wasteful skyward lighting and on-the-ground light trespassing (i.e., reduces night-light pollution)


  • Reduced consumption from a traditional source of energy by 52%Annual CO2 savings of 10,720 kg (23,633 lbs), reduces CO2 by 0.74 kg/kWh (1.64 lbs/kWh)


  • Correlated colour temperature is relatively close to daylight lightingEvening visibility improves pedestrian and vehicle safety


From top to bottom: an intersection within Main Street north redevelopment area with a two-storey white and grey house near the corner, parked cars lining one side of the street and trees on both sides of the road; a concept drawing of components of the M

11 Main Street North Redevelopment

Brampton, Ontario
Population: 472,000

Alex Taranu, Manager, Urban Design and Public Buildings
City of Brampton
Brampton, Ontario
Tel: 905-874-3454


Regeneration of an existing historic area



  • Regeneration through heritage preservation and integration, intensification and infill – increased intensification at each end of the redevelopment area in order to form gateways
  • Retrofitting the street for pedestrians and public transit
  • Public investment in infrastructure and quality streetscaping
  • Private sector focused on residential development including reuse and retrofitting of heritage buildings
  • Process: intensive public consultation, Urban Design Study (including heritage study) and implementation of Phase 1 streetscape enhancements
  • A Development Permit System is proposed to implement the community vision and to ensure qualitydevelopment focused on built form control and guidance

Sustainability Features


  • Intensification through a variety of residential and employment uses including mid-rise rental and condominium buildings, townhouses, live-work arrangements, retrofitted heritage buildings for employment uses (office, business, services) will contribute to managing population growth and to a wider municipal tax base
  • Local businesses will be supported through on-street parking
  • Existing building stock will be reused to provide small business opportunities to relocate into the area


  • Retention of the neighbourhoods historic character will help to continue the area’s social stability
  • Redevelopment will support a mix of social and income groupsPublic space improvements will provide opportunities for social interaction


  • Provision of public transit and proximity of residential and employment opportunities close to the GO Station and mobility hub will contribute to reducing greenhouse gas emissions and air pollutants through less car usage
  • Reuse of existing buildings with their embedded energy will help to avoid demolition and generation of construction waste
  • Low-impact development elements (trees, pervious surfaces, bioswales, green roofs) will support limited municipal infrastructure capacity, reduce heat island effect, improve air quality and reduce storm water storage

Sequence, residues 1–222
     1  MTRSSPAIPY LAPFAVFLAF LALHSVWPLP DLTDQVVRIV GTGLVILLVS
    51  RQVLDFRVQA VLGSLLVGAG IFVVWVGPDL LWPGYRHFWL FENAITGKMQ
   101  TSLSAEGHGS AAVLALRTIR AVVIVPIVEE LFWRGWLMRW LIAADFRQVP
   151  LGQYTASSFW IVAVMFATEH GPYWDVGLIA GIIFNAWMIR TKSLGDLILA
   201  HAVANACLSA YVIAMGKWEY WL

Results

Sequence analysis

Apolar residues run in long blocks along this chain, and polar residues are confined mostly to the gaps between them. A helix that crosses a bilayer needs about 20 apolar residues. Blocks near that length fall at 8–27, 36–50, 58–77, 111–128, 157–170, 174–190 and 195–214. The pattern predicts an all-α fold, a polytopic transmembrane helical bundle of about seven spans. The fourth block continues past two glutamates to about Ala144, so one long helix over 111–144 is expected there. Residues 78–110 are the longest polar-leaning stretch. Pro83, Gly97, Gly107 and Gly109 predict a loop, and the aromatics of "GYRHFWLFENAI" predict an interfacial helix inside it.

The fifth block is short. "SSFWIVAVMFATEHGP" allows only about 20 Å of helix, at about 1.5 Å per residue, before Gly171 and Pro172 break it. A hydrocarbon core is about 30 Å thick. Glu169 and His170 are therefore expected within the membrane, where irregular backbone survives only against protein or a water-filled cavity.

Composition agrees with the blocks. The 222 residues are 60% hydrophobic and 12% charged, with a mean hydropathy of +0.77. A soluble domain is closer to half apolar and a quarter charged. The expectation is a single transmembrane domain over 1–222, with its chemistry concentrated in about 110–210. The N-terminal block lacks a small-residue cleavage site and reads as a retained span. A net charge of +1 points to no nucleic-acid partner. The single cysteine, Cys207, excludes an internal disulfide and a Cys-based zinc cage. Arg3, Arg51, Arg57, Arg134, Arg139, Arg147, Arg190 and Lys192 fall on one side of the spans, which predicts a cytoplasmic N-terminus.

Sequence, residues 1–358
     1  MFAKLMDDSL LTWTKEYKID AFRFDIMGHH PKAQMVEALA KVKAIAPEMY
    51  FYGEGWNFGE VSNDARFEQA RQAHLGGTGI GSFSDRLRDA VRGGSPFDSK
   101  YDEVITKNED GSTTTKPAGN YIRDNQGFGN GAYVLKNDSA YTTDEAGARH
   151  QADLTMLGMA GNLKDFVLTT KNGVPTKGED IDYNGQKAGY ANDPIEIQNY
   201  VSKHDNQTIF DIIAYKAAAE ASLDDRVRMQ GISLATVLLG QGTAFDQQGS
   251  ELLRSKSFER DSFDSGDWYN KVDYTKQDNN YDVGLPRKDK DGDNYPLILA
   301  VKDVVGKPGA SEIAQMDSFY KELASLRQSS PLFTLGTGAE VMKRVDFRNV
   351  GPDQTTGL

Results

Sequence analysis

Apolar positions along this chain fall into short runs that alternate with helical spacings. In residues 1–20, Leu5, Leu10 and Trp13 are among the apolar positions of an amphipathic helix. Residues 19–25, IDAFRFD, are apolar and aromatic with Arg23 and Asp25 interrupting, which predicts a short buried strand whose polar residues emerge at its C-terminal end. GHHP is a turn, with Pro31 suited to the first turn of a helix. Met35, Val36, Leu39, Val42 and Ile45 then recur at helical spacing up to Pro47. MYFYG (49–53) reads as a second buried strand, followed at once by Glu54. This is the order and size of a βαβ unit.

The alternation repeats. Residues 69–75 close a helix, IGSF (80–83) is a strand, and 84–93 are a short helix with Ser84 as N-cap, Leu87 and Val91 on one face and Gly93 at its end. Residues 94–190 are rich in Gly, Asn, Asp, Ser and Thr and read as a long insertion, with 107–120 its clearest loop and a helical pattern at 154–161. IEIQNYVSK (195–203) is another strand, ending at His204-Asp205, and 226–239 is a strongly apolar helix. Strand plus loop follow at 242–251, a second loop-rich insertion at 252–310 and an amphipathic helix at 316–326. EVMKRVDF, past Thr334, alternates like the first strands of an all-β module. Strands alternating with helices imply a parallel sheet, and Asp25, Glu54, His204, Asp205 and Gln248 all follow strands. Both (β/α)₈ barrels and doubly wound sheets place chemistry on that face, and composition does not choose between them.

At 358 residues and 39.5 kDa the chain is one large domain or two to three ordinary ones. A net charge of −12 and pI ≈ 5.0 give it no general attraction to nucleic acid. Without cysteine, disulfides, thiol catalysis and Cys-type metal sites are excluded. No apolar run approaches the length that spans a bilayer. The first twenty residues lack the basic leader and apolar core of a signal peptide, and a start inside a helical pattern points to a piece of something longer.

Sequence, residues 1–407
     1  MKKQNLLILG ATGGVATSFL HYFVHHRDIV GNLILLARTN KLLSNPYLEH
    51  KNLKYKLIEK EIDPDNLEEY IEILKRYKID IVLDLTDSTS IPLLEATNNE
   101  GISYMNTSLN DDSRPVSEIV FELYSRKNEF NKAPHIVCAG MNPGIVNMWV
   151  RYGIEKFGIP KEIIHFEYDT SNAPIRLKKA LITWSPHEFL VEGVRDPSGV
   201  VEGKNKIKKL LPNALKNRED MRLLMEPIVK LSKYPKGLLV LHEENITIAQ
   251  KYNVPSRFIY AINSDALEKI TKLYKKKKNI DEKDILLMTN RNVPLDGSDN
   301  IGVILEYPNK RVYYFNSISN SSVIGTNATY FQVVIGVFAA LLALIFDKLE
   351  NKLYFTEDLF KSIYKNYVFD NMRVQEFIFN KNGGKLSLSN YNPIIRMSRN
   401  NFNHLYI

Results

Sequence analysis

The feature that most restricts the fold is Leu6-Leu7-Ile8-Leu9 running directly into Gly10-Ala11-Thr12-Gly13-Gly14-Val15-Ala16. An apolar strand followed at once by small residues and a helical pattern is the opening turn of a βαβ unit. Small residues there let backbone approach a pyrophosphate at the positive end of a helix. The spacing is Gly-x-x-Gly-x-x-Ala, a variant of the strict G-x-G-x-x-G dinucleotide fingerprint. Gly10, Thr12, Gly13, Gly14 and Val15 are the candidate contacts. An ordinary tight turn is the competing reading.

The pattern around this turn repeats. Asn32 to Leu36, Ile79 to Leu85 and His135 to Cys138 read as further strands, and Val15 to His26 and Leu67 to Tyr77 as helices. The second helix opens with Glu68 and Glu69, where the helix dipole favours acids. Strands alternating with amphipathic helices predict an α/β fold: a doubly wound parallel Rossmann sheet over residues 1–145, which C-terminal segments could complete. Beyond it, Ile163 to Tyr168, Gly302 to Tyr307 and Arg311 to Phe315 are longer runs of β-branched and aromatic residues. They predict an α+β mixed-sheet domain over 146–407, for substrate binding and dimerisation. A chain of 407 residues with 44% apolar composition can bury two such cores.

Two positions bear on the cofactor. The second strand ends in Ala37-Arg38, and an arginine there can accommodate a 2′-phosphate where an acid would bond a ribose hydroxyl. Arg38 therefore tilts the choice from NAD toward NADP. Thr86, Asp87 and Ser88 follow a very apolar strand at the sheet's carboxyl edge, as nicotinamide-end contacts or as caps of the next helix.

• Higher-order transit and streets designed for speed reduction (e.g., on-street parking) will improve safety and encourage increased pedestrian activity
  • Public realm improvements will create conditions for better physical and mental health for people of
    all incomes, ages and capabilities


From top to bottom: Ontario Food Terminal's circular logo containing three leaves in the middle with the words

12 Ontario Food Terminal

Toronto, Ontario
Population: 2.48 million


Ontario Food Terminal Board
Toronto, Ontario




Regional access to healthy foods (local and imported)


  • The largest wholesale fruit and produce distribution centre in Canada and the fourth largest in North America after New York, Los Angeles and Chicago
  • Wholesale operation since 1954, governed by a provincially-appointed Board of Directors through the Ministry of Agriculture, Food and Rural Affairs
  • The Ontario Food Terminal (OFT) is a financially self-sustaining distribution centre composed of office space, a common cold storage facility (80,000 sq ft or 7,432 m2), leased warehouse space, staging area, loading docks, parking space (1.6 ha or 4 acres), centralized garbage collection, cleaning and recycling facilities and a 4 ha (10 acre) wholesale farmers’ market venue (since 1954) where farmers and Ontario/Canadian dealers can sell fruit, vegetables, flowers and plants directly to registered buyers
  • Key OFT principles: ensure high quality produce is provided to the Ontario consumer at competitive prices; provide a central marketplace for Ontario growers and produce wholesalers to sell their produce directly the wholesale and retail trade; foster a competitive market where buyers and sellers can freely negotiate prices and terms of sale
  • Low-impact storm water management practices: a 750 m boulevard with 225 popular trees (2007)
    and a 120 m bio-swale at the OFT entrance (2008)

Sustainability Features


  • Farmers’ market venue (450 leased tenants) allows producers to sell their products directly to over 5,000 registered buyers with business licenses
  • A centralized, 24-hour/day market that allows the OFT to maximize economies of scale and increase market efficiency
  • Space rental at less than market prices (i.e., warehouse wholesalers pay for operation costs) contributes to competitive pricing of fruits and vegetables that are sold to local grocery chains, restaurants, small family-run grocers, food service providers, florists, fruit and produce vendors, etc.
  • Ontario growers can sell their fresh fruits, vegetables, plants and flowers locally and directly to retailers


  • Competitive pricing environment allows smaller retailers to establish businesses within residential
    areas (e.g., family-run grocers)